In August 2011, Kristin Cobble, Rebecca Petzel, and I had a planning meeting for Groupaya, the consulting firm we would start several months later. As part of that, Rebecca led us through some initial scenario thinking, which consisted of brainstorming certainties (trends we thought were almost certainly going to happen by 2016) and uncertainties (trends we thought were possibilities).
Here were the initial lists we brainstormed:
Our “Certainties” list wasn’t very good. The economy was not “crappy” by conventional metrics in 2015, although we were continuing to feel the impacts of widening inequality. And we didn’t really see communications firms come into the business.
Our “Uncertainties” list was far more interesting. We no longer have net neutrality, at least at the federal level. Trust in several social media (Facebook and Twitter in particular) is down, and deservedly so. And reading the bullet point, “Backlash against rationalism; rise of fundamentalism,” now makes me want to cry.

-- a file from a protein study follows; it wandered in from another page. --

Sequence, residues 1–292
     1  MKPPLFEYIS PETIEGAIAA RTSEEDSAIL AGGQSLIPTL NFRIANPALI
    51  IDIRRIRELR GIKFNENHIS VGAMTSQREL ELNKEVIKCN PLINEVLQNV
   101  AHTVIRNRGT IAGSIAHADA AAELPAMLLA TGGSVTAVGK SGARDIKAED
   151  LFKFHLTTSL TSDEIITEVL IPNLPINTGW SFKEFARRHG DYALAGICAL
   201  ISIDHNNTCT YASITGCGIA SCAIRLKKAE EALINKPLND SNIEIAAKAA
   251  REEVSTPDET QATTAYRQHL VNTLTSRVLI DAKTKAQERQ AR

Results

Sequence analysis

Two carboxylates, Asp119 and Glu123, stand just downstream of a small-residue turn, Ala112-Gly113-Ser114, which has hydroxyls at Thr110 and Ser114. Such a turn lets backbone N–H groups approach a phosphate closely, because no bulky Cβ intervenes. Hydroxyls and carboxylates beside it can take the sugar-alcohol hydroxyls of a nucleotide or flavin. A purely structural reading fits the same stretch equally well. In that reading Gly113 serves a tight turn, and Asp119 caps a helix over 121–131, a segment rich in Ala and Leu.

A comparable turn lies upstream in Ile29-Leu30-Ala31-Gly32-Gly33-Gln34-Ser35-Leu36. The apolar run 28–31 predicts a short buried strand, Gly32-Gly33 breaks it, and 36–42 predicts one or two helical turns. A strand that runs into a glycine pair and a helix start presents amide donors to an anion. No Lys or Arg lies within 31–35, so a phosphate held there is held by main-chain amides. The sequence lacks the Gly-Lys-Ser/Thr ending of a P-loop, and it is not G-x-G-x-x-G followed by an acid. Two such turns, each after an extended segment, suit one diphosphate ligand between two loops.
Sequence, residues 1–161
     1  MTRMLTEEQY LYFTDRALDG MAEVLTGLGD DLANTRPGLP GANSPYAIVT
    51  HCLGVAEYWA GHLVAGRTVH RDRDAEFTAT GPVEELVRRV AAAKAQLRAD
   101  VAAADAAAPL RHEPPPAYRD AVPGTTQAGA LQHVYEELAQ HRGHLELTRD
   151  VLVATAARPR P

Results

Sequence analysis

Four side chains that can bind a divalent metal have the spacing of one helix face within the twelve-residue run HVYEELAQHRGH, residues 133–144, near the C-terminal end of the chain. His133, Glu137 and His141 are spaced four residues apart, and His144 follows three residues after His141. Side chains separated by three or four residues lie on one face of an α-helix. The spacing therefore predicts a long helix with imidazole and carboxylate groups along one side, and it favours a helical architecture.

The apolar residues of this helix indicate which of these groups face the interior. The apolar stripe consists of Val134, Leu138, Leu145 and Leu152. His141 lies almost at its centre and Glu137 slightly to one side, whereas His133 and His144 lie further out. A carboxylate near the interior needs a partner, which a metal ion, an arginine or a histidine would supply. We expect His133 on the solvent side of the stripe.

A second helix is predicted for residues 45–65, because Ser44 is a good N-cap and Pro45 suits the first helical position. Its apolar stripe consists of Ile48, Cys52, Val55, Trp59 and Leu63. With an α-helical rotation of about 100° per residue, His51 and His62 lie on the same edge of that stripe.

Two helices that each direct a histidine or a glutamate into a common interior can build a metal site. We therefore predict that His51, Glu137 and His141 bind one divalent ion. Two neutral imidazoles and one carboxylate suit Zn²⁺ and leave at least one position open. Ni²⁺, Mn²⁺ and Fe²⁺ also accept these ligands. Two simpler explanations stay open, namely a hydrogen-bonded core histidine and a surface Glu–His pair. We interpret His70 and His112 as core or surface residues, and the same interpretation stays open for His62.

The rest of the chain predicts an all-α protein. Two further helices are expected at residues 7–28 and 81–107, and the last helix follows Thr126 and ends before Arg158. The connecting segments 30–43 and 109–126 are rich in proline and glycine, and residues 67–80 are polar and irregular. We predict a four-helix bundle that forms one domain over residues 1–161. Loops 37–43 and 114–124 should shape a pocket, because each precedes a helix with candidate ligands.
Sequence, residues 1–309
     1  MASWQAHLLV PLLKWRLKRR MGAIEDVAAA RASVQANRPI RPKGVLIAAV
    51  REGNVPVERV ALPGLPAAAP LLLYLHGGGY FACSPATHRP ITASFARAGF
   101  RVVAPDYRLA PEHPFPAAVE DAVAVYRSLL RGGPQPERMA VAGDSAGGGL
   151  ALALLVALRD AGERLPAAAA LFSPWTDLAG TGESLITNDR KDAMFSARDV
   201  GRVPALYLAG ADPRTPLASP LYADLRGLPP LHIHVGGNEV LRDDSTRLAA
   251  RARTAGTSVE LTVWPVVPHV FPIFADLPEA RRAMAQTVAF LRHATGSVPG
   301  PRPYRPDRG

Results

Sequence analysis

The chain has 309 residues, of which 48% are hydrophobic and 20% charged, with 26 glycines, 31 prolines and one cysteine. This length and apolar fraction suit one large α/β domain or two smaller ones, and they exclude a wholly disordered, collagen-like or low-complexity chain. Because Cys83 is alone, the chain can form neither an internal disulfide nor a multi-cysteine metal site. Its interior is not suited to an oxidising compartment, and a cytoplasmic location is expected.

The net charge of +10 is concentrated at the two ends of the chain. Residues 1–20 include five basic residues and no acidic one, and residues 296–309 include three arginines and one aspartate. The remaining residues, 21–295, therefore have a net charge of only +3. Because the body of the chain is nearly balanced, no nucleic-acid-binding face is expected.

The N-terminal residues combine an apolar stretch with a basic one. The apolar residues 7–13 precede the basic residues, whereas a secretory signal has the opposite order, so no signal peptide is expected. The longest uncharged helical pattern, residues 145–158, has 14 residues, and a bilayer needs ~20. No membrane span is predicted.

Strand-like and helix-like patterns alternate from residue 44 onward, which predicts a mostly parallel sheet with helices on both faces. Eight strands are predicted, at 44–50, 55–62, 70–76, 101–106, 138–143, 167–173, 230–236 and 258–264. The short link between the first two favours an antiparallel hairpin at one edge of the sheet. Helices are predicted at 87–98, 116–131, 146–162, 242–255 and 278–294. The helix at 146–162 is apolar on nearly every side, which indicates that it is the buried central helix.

I review these notes every few years out of curiosity and sentimentality, and I pulled them up again last month as COVID-19 was wreaking havoc on our lives. A few things come up for me when I look at these:
- It’s possible to have an interesting scenarios conversation without a lot of prep. We were clearly already connected to a lot of interesting people and perspectives, which was how stuff like “backlash against rationalism” made it onto our list. (Kristin contributed that one based on conversations she had had with her friend and former colleague at Global Business Network, Eamonn Kelly.)
- Prep would have helped broaden our perspectives and address some blind spots.
- Pandemic wasn’t on the list of uncertainties.
The biggest thing that comes up for me is that we never truly benefited from the power of scenario thinking, because we treated it as a one-off. Imagine if we had returned to this list once a year, even without any additional prep, and talked through the possibilities. What might have come up? How might this have changed our thinking? What might we have done differently as a result?
This is a regret I often have about my own past work, and it’s something I find with consulting work in general: We barely benefit from the work (which is often time- and resource-intensive), because we never revisit it. There are lots of reasons we never revisit it, but the most common one is that we’re going too fast. I’ve been able to correct this with my own work (although it took several years and lots of focus and failure), and I continue to try to help others do the same. It’s been really, really hard, which is sad, because it’s so beneficial.